In this new review series about publications that write about food and/or food and design, we have asked our international correspondents to share their most inspiring publications with us! The first to share her food and design reading recommendations is our Food & Experience correspondent Maud de Rohan Willner.


- UK

Writing on Food & Design: “Food Futures”

In this new review series about publications that write about food and/or food and design, we have asked our international correspondents to share their most inspiring publications with us! The first to share her food and design reading recommendations is our Food & Experience correspondent Maud de Rohan Willner.


- UK

Writing on Food & Design: “MOLD Magazine”

In this new review series about publications that write about food and/or food and design, we have asked our international correspondents to share their most inspiring publications with us! The first to share her food and design reading recommendations is our Food & Experience correspondent Maud de Rohan Willner.


- Berlin

A meal of Heaven & Earth

‘Himmel und Ääd’ is what people call a traditional dish in the flatlands around the lower Rhine river in Germany. The name translates to ‘Heaven and Earth’, referring to the two main ingredients of the dish - the apple and the potato. The farmer reaches skyward to pick an apple from the branches of the tree, and bends earthward to dig a potato out of the soil. As a Rhineland child, when I first encountered the dish, I remember thinking "Am I really eating heaven and earth?"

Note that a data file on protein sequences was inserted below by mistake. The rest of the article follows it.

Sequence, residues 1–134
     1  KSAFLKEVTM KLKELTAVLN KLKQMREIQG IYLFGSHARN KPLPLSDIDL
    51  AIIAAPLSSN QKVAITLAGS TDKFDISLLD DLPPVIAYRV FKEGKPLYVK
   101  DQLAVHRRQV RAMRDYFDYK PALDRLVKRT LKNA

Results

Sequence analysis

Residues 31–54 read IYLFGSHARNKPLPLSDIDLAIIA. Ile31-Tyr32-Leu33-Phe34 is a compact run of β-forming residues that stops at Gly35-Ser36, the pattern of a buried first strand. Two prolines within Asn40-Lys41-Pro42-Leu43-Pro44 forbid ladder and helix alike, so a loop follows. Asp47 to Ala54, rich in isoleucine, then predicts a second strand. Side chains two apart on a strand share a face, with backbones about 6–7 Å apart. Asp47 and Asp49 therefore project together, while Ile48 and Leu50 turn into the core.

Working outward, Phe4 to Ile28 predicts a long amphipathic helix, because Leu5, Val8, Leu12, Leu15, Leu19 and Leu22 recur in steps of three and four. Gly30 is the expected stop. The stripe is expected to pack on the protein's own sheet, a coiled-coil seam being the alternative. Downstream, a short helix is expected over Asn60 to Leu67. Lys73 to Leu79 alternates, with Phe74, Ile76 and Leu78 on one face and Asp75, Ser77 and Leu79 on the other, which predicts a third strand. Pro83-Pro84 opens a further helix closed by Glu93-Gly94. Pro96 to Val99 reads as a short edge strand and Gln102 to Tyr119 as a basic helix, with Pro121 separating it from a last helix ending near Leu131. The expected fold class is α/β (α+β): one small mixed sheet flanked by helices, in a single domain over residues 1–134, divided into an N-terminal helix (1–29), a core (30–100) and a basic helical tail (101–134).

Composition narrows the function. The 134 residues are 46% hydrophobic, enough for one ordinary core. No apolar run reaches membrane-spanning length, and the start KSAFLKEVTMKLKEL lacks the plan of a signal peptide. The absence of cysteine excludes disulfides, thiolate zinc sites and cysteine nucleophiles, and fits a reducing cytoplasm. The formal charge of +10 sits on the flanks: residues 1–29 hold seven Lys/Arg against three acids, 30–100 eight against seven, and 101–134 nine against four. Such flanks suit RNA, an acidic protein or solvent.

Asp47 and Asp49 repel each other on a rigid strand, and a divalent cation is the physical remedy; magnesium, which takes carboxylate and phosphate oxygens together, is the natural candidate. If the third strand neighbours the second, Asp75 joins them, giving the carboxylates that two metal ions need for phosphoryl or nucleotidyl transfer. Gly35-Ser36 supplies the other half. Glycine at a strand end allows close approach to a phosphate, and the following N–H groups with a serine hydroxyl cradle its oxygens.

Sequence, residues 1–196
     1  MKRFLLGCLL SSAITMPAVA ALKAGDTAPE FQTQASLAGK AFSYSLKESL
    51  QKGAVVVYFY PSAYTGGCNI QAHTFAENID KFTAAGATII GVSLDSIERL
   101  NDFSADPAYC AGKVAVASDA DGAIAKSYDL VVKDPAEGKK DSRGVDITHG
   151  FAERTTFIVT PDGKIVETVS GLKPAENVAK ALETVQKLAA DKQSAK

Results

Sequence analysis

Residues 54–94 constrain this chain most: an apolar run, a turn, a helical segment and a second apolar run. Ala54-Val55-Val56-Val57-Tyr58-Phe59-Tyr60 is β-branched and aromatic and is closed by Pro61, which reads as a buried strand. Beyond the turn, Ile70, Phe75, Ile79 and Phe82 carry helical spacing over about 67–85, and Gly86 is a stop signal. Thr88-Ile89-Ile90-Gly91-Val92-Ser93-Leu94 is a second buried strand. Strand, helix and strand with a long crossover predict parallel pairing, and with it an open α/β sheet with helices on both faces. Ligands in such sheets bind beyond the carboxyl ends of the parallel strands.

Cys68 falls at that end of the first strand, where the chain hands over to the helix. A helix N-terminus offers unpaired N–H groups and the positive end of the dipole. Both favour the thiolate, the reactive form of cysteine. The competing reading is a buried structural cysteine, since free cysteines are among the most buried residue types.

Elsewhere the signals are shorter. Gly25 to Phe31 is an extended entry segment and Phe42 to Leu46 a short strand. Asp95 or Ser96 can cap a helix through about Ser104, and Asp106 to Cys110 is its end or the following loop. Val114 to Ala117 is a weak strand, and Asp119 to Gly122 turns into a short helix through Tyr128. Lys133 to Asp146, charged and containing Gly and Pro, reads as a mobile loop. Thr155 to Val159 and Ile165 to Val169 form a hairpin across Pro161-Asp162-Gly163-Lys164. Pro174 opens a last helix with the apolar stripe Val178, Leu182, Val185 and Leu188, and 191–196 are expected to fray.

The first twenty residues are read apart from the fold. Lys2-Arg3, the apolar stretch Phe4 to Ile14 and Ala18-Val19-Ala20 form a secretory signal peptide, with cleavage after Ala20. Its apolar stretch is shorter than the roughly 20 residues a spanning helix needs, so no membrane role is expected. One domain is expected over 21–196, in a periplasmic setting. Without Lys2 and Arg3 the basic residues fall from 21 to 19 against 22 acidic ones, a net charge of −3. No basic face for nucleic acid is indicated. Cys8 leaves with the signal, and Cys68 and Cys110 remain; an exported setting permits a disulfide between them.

- Berlin

The story of Food in Photography

The exhibition 'Food for the eyes: The story of Food in Photography', was on show this summer at the C/O Berlin. Our Germany correspondent Inés Lauber reviewed it for us, as she was taken on a journey through both the history of food photography as well as the development of food culture. "The exhibition shows how broad the topics can be, since both themes are already so rich in themselves. It is about more than just food photography, as one can see society mirrored in many facettes throughout the exhibition."


- Copenhagen

Future Food Today at SPACE10

Our Food, Design & Science correspondent Katinka Versendaal spoke to SPACE10’s editor and copywriter Polina Bachlokova about their new book 'Future Food Today', future-proof foods and how we can secure healthy and delicious food for 10 billion people.


- Berlin

Food Art Week

This year's Food Art Week (FAW) Berlin will take place in August. They will be occupying Steinplatz, a public space in Berlin across from the University of the Arts (UdK), for the whole month of August, with greenhouses which are used as spaces for art installations and educational practice. We talked to Taina Guedes about her motivation and ambitions for the FAW this year.

NEMO; Voedsel van Morgen


- Amsterdam

Future Food Exhibition

Our Food, Design & Empathy correspondent, Lotte Meeuwissen, visited the new exhibition "Future Food" at the 'NEMO de Studio' in Amsterdam. Questions such as 'What will you be having for breakfast, lunch or dinner in 2050?', 'Where will this food be sourced?', 'And how will it be prepared?' drive this speculative exhibition. Lotte talked to the curator Chloé Rutzerveld about the visitor experience and Chloé's visions of our food future.


- South Africa

The Insect Experience

South Africa’s first insect café, The Insect Experience, opened this month in Woodstock in Cape Town. Our Food, Design & Culture correspondent Hannerie Visser, from Studio H, asked Leah Bessa, one of the founders, a few questions about creating food with insects, and the response from their customers.


- Berlin

Interview with Linda Lezius

Our Food and Space correspondent, Jashan Sippy of Sugar & SPACE, chatted with Berlin-based Linda Lezius of Wild & Root. Her advice to fellow food designers is “to value our own work, before other people can see its value”.


- Barcelona

The Future of Personalized Gastronomy